Honorable Mention: Good Night and Good Luck - A serious and positive black-and-white depiction of Edward R. Murrow's CBS broadcasts bravely exposing Sen. Joseph McCarthy Communist witch-hunts. George Clooney plays Murrow's producer and friend Fred Friendly who go up against the more cautious and risk averse CBS honchos. As with a number of movies on the above list, it is stunningly appropriate at a time when the President calls the media "the enemy of the people."


1. My Cousin Vinny - First by 20 lengths, no doubt about it. The only would-be competition are movies well over the 50-year-old boundary – To Kill a Mockingbird, 12 Angry Men and Judgment at Nuremberg.

A brilliantly entertaining film, about an unsuccessful but colorful Brooklyn lawyer defending two "youths" in a murder trial in Alabama court, it has some priceless lines, and can as well can be shown in a trial practice class. Defense attorney Joe Pesci's examination of his fiancée Marissa Tomei and her testimony about mint-green Buick Skylark convertibles and positraction (whatever that is) won her an Oscar, and are classic (as is Judge Fred Gwynne's ruling that she is a hostile witness when Pesci explains they are engaged). And Pesci's cross-examinations of the local southern townspeople, impeaching one on account of the timing of his boiling grits and another by a courtroom demonstration of her failing eyesight are delightful. Legal education is also gained when Pesci smugly comes back to their room bragging that he schmoozed the prosecutor into giving him documents; Tomei's response: You're entitled to them; it's friggin discovery.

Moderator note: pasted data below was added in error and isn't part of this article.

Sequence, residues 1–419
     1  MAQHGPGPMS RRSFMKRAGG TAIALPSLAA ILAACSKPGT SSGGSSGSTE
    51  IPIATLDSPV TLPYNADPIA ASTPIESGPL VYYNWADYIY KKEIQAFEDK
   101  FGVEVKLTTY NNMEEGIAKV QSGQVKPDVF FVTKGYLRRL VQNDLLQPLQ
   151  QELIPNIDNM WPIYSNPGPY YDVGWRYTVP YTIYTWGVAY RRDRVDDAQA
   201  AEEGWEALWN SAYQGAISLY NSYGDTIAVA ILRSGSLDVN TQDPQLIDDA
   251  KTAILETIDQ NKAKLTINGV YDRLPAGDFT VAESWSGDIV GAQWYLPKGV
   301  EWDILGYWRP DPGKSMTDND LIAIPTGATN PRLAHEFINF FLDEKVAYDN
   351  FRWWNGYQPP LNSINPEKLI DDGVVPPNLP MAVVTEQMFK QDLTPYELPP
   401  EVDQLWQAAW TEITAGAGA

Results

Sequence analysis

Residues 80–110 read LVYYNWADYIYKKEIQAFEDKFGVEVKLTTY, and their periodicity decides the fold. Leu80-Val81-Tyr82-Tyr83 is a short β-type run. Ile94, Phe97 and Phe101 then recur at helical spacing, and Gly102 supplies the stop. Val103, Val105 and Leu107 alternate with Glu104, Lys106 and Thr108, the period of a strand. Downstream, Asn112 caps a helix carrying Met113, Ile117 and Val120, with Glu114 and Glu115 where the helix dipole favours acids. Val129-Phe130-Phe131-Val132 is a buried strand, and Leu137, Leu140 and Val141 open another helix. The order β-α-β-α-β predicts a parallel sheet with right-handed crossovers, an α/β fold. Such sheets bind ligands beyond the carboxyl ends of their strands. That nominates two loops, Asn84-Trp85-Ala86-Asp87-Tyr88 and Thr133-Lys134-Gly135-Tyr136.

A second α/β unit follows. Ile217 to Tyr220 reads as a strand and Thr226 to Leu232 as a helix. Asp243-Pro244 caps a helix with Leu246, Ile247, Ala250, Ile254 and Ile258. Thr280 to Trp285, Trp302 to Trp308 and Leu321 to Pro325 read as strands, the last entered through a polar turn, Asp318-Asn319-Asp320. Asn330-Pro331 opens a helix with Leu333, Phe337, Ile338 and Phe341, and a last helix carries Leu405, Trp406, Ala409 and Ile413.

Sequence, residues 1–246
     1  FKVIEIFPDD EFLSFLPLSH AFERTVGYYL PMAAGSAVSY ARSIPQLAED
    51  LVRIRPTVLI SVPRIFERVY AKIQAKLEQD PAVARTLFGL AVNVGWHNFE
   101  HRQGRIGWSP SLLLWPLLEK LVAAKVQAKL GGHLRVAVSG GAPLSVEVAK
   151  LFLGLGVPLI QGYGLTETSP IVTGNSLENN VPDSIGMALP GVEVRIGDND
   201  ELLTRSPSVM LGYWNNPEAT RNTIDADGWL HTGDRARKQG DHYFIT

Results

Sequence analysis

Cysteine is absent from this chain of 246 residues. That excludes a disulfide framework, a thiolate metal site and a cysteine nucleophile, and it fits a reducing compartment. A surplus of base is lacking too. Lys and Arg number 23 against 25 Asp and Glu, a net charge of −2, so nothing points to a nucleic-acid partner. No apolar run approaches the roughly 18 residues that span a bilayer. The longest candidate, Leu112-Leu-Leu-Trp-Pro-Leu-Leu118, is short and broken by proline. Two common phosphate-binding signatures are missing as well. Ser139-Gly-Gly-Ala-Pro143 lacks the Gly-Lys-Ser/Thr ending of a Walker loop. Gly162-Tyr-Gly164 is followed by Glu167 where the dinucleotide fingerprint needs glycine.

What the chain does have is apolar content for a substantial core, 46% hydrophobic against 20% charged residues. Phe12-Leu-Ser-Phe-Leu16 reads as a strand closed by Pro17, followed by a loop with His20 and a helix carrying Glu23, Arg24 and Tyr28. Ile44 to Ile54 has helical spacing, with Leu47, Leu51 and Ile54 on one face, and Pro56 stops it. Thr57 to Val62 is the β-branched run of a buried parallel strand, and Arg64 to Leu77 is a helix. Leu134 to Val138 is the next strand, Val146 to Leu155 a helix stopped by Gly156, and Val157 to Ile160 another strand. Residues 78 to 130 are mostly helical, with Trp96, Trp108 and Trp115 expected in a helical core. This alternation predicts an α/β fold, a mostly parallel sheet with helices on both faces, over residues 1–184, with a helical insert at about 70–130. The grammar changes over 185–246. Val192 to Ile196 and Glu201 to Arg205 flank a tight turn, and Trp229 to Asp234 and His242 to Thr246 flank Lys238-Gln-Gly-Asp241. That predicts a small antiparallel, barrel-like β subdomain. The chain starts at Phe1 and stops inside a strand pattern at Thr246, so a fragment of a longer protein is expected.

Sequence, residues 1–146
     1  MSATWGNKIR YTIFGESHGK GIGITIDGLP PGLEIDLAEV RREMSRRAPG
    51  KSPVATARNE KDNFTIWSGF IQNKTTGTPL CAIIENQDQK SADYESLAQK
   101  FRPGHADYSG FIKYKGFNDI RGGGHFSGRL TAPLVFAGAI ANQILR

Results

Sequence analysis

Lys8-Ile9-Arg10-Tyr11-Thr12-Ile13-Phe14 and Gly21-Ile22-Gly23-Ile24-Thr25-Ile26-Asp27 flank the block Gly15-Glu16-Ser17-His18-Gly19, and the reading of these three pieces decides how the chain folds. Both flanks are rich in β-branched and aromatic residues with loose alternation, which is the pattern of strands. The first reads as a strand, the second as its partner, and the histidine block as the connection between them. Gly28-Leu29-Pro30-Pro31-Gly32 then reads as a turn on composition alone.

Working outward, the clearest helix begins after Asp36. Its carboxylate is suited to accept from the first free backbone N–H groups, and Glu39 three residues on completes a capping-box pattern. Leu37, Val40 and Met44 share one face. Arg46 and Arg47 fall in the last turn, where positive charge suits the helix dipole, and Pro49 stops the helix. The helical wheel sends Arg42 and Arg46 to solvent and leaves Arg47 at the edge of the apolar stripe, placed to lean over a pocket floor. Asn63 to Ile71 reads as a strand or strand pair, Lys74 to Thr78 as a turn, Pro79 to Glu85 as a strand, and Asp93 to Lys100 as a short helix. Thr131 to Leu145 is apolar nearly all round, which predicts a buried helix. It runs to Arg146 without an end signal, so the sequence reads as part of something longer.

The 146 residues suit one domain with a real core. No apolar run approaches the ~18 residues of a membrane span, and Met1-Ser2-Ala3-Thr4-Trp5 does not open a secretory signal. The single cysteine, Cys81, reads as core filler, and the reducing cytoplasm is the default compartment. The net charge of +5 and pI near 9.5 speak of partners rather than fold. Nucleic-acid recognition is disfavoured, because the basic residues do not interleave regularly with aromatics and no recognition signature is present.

#1. Marissa Tomei is congratulated on her testimony by her hostile examiner and fiancée Joe Pesci, while Judge Fred Gwynne looks on.












2. A Few Good Men - Everything in this movie builds to the climatic court-martial courtroom scene where young JAG defense attorney Tom Cruise cross-examines crusty and smug colonel Jack Nicholson. Nicholson is superb – and eerriy reminiscent of Humphrey Bogart and his strawberries in The Caine Mutiny - far more dramatic, but without the comic humor of Tomei in #1. The film is about a court-martial at Gitmo against two low-ranking marines carrying out the brass' orders, but the deeper Nicholson goes on – at Cruise's prodding - about the need for military discipline saving lives – "You can't handle the truth," he barks at Cruise - the more he gets himself into trouble.


#2. Jack Nicholson testifying, leading to his confession. “You can’t handle the truth,” he barks at cross-examiner Tom Cruise.












3. Kramer v. Kramer - Far from media law, this a story of a New York couple's divorce, starring a very young Meryl Streep and Dustin Hoffman, both of whom won Oscars for their performances (as did the movie for Best Picture). Hoffman deals with fatherhood alone when Streep leaves him, but the drama builds when Streep returns and demands custody of their son. Needless to say, the ensuing litigation turns ugly and harmful to all. The riveting court hearing scenes will make even hardened lawyers cringe and cry.